A Simple Pair of Moccasins With Canvas Gaiters




About: I'm the kind of person who's mind doesn't stop. Literally, I take medication to fix that just so I can sleep at night. I have an unhealthy obsession with making things and believe, firmly, in sharing what I ...

I've always wanted a pair of moccs that were more than just a pair of slippers. I was looking for comfortable footwear that I could wear in any weather condition and that would stand up to abuse, all the while allowing my feet to feel the ground underneath them. Since I work in leathercraft, which is the corner of my 'craft' triangle (the other two being metalwork and woodwork), I figured I could come up with a pair that were suitable to my needs.

For this I would have to research. I looked at my local leather shop for some patterns and found them very costly. Not only that, they were limited to a specific size and would take some serious modification to adjust for different sized feet. Next was a search online, where I found the resources, strangely, lacking. There were sites that offered patterns, however I ran into the same issues that plagued me at my leather supplier.

For the plans I was searching for, I had to go to the source. I planned a trip to the Canadian Museum of Civilization and decided to study many of the styles they had on display. After taking lots of pics, many of which were closer than the museum security were comfortable with, I started to read some of the descriptions. Instead of using a pattern for their mocs, natives would use the person's feet as a template, then draw the pattern directly on the leather as a way of creating a custom fit. A bit more research at the local library would confirm that and so I was able to design more of a technique than a pattern, that could be modified to fit any foot, and was based completely on traditional craft.

Teacher Notes

Teachers! Did you use this instructable in your classroom?
Add a Teacher Note to share how you incorporated it into your lesson.

Step 1: Tools and Supplies

Cutting wheel or utility knife
Sewing awl and/or needles and awl
Cutting mat

Tanned leather (deer hide works well, but is very thin and will need to be lined) Thicker hides like Caribou, buffalo, bison etc work best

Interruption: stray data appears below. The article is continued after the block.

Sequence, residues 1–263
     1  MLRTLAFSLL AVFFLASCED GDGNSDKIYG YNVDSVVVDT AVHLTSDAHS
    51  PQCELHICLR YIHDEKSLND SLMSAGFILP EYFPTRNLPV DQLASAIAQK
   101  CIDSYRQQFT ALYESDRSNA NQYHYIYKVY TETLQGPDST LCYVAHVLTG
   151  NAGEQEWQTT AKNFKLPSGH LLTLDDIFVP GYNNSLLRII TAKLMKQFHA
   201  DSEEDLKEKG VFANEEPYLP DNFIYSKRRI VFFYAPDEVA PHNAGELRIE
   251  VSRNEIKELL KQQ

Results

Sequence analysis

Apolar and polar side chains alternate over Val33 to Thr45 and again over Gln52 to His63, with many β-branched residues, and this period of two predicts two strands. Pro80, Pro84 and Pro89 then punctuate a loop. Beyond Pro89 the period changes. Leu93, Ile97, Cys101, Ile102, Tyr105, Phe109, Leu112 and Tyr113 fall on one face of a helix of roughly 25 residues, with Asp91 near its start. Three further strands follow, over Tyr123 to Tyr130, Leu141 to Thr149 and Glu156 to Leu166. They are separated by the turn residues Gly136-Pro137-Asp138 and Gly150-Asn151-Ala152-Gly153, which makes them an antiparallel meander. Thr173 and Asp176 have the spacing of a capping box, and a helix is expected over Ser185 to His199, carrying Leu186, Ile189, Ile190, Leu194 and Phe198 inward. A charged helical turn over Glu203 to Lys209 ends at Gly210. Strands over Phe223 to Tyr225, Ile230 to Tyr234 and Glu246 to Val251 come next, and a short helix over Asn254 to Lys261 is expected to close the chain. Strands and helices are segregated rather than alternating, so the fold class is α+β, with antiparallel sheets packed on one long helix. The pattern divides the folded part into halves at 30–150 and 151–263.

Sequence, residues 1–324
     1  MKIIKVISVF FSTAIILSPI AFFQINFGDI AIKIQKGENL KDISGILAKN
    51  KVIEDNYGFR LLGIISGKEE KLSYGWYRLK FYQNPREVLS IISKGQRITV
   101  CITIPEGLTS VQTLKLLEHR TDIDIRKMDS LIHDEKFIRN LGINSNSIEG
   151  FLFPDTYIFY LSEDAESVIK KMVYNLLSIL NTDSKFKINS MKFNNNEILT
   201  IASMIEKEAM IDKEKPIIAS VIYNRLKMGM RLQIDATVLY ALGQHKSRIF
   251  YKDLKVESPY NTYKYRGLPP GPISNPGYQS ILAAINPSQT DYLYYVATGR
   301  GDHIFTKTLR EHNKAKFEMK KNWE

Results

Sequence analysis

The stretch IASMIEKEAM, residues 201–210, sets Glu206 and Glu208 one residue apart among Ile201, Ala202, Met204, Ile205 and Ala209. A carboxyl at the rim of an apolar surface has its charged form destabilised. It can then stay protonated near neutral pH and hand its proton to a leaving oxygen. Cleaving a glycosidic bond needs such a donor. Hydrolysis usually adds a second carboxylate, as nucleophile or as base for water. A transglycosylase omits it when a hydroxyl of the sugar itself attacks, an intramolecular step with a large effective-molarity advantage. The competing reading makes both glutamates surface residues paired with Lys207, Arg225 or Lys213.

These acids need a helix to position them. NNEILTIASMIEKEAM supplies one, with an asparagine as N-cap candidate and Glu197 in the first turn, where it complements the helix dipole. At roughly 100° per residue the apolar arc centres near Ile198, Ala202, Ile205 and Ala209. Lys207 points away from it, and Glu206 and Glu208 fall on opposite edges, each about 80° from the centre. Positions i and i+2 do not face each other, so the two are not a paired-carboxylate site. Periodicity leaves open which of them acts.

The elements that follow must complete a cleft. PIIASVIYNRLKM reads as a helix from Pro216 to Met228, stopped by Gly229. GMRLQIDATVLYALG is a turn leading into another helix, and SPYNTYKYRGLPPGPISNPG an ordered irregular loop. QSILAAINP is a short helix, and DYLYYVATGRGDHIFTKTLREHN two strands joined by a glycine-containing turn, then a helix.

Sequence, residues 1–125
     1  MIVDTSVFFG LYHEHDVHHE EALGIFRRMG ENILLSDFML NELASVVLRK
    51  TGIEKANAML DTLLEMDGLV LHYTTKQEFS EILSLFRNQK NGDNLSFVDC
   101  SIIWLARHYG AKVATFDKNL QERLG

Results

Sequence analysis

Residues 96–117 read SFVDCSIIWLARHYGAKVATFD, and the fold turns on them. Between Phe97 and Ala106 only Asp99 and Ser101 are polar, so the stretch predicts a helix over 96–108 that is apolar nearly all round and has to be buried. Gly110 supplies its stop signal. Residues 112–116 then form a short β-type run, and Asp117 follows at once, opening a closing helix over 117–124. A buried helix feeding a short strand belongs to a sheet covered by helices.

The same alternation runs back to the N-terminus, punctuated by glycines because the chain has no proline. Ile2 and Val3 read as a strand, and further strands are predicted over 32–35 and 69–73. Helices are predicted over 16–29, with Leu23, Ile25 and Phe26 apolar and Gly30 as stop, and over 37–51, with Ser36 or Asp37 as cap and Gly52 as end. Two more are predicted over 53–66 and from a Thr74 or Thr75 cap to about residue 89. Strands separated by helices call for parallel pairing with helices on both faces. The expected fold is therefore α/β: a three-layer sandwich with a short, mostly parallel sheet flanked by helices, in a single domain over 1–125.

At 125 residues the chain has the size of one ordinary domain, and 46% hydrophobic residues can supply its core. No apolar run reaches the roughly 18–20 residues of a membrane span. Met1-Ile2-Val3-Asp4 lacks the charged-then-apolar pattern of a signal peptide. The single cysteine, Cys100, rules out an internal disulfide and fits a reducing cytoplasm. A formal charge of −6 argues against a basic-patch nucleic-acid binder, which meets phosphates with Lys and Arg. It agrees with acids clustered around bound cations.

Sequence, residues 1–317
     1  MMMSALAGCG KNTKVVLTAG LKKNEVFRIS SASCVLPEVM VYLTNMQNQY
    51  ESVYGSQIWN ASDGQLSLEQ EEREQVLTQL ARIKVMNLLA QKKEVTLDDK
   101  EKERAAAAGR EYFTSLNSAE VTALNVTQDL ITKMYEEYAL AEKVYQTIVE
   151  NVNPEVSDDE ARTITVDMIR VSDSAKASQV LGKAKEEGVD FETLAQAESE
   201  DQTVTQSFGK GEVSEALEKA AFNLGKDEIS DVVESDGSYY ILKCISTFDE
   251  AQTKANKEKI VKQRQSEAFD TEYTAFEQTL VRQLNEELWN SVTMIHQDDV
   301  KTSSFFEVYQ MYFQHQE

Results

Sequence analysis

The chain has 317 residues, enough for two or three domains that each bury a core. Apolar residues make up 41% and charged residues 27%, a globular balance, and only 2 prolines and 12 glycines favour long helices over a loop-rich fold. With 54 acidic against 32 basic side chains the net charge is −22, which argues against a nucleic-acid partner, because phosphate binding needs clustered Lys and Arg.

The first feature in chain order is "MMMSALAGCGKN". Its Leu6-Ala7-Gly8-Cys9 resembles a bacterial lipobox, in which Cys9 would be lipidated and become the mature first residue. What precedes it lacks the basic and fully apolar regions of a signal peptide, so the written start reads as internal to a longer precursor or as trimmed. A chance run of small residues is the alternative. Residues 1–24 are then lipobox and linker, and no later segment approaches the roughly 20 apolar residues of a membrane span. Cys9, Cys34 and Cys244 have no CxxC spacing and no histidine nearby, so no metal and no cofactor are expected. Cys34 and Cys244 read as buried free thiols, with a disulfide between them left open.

Canvas for gaiters
sinew or artificial sinew or waxed cotton or waxed polyester thread

fur for lining - rabbit, goat, etc.

Step 2: Picking Your Design

There are many different styles of traditional native mocs, however most will find the pair in the first pic the most recognizable. The technique I created is based on this style, but also includes gaiters so that they can be worn in the winter or in harsher environments where leg protection is important.

I've included a few other pictures of moccasins that were displayed at the museum. The technique in this instructable can easily be adapted to these other styles since it uses the wearer's feet as the template.

Step 3: Cutting Your Pattern

The pattern is completely adjustable, depending on the person's foot size, however I've included some basic measurements for someone with a size 9-10 foot.

Examining the pattern:

Have the person stand directly on the leather and your measurements can be taken from there.

1. draw a 2" line around the toe (3-4 if you plan to include a lining) and extending as far back as the front of the ankle.
2. Now measure an addition 3" out to create the uppers around the ankle it should end up being roughly 8 1/2 inches long.
3. The uppers should extend roughly 4" back from the heel of the foot.
4. From there you can measure the tail that will extend from the back of the moc. As the diagram shows, it should be roughly 1.5 inches wide by 1.5 inches long. There are some traditional tail designs in the pattern.